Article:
LV Canastota Branch history

Discussion related to the Lehigh Valley Railroad and predecessors for the period 1846-1976. Originally incorporated as the Delaware, Lehigh, Schuylkill and Susquehanna Railroad Company.

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LV Canastota Branch history

Postby Cactus Jack » Wed Aug 06, 2008 10:05 pm

Anyone know what size rail the mainline was laid with between Cortland and Canastota ?

Also, what customers were located at Cazenovia in the '60's ? I recall being stopped at the Route 20 crossing there for a southbound doing some work at GLF? He was working south of the crossing with the train north of the crossing. He backed onto his train, and took off south with 6-8 mosc cars. I believe the power was an RS-2 or 3. Do not recall the caboose.
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Re: Canastota Branch

Postby lvrr325 » Sun Aug 10, 2008 6:31 am

If you're in CNY, watch for Lyman Grey with the display of old lanterns and passes and things at the train shows, he does a lot of them all around upstate NY. He'd know for sure; he has a bunch of photos and things taken by someone who lived there in the 1960s. There's a couple maps on eBay now, but they don't show much south of GLF - I know there was at least one customer, maybe two, because the businesses are still active today, you can see where the ROW ran between them. Even the plaza next to Route 5 was angled to match the ROW - that may change, I see a couple weeks ago they tore the Eckerd/Rite-Aid end of it down completely to build a new store.

In fact, after the LV abandoned the line, Penn Central operated the very end of the line in Canastota for a bit - I have not come up with an exact abandonment date yet. But it's on a NYC track zone map updated to 1972 (I am trying to see if I can borrow it and make some copies).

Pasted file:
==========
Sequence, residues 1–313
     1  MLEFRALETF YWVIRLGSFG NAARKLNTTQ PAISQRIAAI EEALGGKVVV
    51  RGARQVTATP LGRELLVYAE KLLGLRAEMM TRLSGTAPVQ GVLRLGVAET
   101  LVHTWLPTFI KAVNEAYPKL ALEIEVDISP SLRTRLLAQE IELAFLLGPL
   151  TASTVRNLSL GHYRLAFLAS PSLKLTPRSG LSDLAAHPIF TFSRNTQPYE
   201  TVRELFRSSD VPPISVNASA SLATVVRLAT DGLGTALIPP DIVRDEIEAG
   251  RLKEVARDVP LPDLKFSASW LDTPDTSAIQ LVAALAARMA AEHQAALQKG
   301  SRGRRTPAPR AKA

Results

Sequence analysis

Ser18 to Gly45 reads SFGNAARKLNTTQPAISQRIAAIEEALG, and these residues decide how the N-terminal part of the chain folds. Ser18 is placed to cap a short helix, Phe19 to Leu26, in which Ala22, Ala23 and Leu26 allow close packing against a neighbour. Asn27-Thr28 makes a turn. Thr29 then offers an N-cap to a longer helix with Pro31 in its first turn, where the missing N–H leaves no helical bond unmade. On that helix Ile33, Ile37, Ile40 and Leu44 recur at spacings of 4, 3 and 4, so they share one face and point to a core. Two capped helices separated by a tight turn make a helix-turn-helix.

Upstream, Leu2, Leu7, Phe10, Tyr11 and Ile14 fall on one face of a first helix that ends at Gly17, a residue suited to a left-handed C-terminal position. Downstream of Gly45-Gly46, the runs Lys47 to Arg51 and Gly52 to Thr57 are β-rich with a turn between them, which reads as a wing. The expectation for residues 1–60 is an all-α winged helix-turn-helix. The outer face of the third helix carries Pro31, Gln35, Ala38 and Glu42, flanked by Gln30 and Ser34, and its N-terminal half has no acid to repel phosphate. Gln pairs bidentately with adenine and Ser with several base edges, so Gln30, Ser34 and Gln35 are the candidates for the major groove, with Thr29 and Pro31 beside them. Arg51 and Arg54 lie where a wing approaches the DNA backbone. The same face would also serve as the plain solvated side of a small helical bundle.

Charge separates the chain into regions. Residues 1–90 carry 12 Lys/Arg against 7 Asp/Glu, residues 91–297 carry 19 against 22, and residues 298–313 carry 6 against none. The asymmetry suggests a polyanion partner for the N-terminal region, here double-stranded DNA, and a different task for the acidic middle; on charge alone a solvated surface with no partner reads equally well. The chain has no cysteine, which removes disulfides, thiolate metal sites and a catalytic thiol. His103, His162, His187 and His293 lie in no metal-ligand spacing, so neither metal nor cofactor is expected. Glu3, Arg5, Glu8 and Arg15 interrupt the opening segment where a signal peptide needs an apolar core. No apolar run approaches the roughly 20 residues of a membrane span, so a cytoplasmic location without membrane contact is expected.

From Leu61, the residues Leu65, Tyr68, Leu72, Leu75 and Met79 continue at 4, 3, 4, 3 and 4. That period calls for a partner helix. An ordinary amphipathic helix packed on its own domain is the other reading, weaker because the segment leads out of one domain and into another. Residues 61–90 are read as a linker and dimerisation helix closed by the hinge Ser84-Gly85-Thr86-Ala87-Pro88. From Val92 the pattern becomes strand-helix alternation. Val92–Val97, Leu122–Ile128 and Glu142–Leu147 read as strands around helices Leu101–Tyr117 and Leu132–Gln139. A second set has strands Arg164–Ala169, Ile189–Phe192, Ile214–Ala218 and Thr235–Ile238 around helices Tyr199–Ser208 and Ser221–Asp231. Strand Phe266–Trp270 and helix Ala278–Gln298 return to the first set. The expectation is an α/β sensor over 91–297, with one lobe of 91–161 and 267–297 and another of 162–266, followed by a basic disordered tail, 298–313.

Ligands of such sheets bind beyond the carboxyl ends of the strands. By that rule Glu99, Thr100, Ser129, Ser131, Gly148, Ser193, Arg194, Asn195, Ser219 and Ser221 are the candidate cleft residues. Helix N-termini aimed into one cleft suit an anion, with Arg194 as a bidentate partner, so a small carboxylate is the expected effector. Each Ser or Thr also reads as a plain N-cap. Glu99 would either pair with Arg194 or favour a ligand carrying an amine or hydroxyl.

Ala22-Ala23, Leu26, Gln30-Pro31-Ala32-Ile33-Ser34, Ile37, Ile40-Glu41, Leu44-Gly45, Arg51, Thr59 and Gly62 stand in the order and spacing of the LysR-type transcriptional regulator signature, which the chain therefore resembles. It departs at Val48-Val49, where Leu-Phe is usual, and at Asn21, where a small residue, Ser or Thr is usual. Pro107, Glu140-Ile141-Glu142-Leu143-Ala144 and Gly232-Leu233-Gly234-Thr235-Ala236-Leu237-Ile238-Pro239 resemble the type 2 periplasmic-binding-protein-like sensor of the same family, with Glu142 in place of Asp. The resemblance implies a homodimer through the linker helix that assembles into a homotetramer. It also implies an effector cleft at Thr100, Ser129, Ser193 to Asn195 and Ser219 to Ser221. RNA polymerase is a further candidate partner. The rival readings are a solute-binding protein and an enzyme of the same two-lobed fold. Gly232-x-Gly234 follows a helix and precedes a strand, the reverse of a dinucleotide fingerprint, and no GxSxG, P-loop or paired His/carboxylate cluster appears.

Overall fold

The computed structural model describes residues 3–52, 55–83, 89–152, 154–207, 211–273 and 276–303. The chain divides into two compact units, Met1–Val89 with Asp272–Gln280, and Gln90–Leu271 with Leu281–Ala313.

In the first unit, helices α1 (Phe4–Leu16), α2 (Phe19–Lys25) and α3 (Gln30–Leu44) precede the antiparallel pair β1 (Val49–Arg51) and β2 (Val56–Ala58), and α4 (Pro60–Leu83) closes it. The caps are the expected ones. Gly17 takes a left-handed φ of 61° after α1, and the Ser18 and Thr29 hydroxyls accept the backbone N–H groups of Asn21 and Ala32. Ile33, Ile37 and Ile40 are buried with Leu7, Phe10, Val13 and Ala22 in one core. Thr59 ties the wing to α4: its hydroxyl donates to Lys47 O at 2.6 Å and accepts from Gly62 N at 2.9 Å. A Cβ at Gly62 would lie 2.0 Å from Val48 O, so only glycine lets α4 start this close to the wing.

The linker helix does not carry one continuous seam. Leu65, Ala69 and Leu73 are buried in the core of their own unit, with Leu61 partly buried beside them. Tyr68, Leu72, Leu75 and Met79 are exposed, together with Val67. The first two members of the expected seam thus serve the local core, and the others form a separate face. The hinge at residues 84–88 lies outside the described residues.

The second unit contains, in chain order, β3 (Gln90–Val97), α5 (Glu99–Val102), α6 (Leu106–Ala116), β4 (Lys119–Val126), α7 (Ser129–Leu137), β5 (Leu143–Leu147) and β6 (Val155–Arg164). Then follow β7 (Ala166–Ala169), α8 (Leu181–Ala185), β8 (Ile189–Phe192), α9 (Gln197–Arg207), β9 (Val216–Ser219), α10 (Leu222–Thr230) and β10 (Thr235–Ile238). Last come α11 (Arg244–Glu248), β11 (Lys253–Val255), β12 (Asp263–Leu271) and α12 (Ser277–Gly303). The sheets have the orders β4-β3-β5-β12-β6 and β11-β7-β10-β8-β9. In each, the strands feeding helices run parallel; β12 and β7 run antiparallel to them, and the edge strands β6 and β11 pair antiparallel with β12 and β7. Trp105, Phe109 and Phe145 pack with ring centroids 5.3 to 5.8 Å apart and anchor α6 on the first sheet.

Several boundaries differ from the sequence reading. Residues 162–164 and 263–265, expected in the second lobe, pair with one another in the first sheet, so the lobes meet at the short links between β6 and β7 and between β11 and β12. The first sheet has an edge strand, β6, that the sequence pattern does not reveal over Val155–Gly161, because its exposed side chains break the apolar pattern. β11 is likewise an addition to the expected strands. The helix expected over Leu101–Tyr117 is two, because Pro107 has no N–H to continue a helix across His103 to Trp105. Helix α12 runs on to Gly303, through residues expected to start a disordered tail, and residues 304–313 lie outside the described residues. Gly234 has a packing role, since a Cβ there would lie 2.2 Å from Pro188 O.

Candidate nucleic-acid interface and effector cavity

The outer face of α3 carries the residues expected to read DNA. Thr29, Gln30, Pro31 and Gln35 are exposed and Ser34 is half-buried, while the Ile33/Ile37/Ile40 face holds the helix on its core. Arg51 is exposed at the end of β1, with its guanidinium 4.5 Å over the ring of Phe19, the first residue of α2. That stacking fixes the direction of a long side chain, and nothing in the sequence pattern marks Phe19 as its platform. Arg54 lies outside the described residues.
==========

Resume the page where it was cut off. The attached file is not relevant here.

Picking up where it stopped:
One interesting thing I did find out - the Lehigh Valley disputed the assessment on the EC&N north of Canastota through the town of Lenox, prior to and after abandonment. Eventually as with some other LV property once tracks were gone it was transferred to the Ablan Corp. - and they let this part of the line go for taxes rather than pay what the town demanded. That may explain why it's nearly impossible to pick out now.

FWIW, today the GLF mill has an ice cream shop in it, there is a miniature golf course in the old LV yard, and displayed there is a real LV caboose. And not a single train stops in Canastota anymore - unless CSX dumps it on the ground.
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Re: Canastota Branch

Postby Cactus Jack » Sun Aug 10, 2008 8:55 pm

Thanks for the info.

Would they by any chance of had a green? caboose on that job ?

I don't know when the rail was pulled, but a group was trying to make a tourist railroad out of it called the Canastota & Cazenovia RR or something like that. Never got beyond the paper stage.

I always tried to figure out the EC&N from Canastota north, but it is about impossible. I suspect it went through the middle of the easterly Thruway Cloverleafs or thereabouts. South of Canastota it was pretty easy to see - 20 years ago - winding up the hill towards Perryville and Clockville. At Caz there was a thru plate girder bridge just north of the Route 20 crossing for years, but it has since disappeared - can't say when. For several years after abandonment there was also a top deck girder? bridge just north of New Woodstock, but I believe it too has disappeared. Last time I was in New Woodstock, over ten years ago, there was a historical group trying to remodel the depot for a museum.
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Re: Canastota Branch

Postby lvrr325 » Mon Aug 11, 2008 1:07 pm

Canastota to Cazenovia is now hikable as a trail, although I'm not sure just where it ends - that bridge in Caz has been gone at least a dozen years now.